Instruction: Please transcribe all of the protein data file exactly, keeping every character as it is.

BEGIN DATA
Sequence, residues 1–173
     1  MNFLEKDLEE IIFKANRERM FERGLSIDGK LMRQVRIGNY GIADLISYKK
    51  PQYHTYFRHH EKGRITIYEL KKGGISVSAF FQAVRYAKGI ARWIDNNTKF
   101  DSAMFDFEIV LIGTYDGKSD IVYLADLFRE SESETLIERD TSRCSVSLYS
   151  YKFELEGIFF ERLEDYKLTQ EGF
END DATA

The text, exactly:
Sequence, residues 1–173
     1  MNFLEKDLEE IIFKANRERM FERGLSIDGK LMRQVRIGNY GIADLISYKK
    51  PQYHTYFRHH EKGRITIYEL KKGGISVSAF FQAVRYAKGI ARWIDNNTKF
   101  DSAMFDFEIV LIGTYDGKSD IVYLADLFRE SESETLIERD TSRCSVSLYS
   151  YKFELEGIFF ERLEDYKLTQ EGF